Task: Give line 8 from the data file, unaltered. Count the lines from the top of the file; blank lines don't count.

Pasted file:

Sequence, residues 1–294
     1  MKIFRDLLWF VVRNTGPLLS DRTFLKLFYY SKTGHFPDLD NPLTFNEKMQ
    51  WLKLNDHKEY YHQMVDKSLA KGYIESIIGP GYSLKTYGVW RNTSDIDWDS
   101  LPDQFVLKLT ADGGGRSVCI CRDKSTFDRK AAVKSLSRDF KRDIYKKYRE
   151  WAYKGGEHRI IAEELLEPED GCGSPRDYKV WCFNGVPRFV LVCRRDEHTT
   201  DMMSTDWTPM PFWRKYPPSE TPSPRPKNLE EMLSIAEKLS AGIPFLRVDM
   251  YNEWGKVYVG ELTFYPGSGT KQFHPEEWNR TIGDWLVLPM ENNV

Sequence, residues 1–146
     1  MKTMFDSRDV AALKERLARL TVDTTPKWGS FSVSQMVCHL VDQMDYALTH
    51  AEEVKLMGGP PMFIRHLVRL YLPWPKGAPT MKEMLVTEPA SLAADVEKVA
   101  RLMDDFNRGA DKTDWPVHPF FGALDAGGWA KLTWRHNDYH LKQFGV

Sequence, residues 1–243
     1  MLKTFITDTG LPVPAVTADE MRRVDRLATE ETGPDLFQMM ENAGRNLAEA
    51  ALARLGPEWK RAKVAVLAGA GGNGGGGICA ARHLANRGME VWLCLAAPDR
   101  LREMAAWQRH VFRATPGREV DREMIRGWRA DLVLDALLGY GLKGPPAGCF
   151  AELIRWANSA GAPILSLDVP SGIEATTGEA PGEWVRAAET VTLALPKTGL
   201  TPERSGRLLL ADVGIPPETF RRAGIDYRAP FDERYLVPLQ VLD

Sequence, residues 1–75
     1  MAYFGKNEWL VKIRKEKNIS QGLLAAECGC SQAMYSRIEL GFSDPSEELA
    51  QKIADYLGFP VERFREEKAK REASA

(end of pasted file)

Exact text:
Sequence, residues 1–146